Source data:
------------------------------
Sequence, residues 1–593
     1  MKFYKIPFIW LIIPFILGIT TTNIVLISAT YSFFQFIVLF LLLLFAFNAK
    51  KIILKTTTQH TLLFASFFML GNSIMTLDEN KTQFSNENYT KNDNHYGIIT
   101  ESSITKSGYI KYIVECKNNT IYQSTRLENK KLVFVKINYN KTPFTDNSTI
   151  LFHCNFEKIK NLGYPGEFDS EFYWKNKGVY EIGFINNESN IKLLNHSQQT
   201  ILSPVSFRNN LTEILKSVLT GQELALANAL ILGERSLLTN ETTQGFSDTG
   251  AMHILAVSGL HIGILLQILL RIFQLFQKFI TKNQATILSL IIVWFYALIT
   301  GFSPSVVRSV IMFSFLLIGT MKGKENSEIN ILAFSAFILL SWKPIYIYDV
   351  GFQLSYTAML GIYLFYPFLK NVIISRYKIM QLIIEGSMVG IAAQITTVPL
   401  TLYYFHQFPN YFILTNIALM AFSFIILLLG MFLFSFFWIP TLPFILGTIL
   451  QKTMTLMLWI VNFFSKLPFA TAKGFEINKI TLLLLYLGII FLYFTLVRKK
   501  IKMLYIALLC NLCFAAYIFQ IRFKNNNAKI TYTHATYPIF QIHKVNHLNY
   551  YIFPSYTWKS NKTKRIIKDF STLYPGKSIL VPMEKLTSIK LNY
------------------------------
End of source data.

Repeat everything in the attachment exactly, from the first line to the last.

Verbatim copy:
Sequence, residues 1–593
     1  MKFYKIPFIW LIIPFILGIT TTNIVLISAT YSFFQFIVLF LLLLFAFNAK
    51  KIILKTTTQH TLLFASFFML GNSIMTLDEN KTQFSNENYT KNDNHYGIIT
   101  ESSITKSGYI KYIVECKNNT IYQSTRLENK KLVFVKINYN KTPFTDNSTI
   151  LFHCNFEKIK NLGYPGEFDS EFYWKNKGVY EIGFINNESN IKLLNHSQQT
   201  ILSPVSFRNN LTEILKSVLT GQELALANAL ILGERSLLTN ETTQGFSDTG
   251  AMHILAVSGL HIGILLQILL RIFQLFQKFI TKNQATILSL IIVWFYALIT
   301  GFSPSVVRSV IMFSFLLIGT MKGKENSEIN ILAFSAFILL SWKPIYIYDV
   351  GFQLSYTAML GIYLFYPFLK NVIISRYKIM QLIIEGSMVG IAAQITTVPL
   401  TLYYFHQFPN YFILTNIALM AFSFIILLLG MFLFSFFWIP TLPFILGTIL
   451  QKTMTLMLWI VNFFSKLPFA TAKGFEINKI TLLLLYLGII FLYFTLVRKK
   501  IKMLYIALLC NLCFAAYIFQ IRFKNNNAKI TYTHATYPIF QIHKVNHLNY
   551  YIFPSYTWKS NKTKRIIKDF STLYPGKSIL VPMEKLTSIK LNY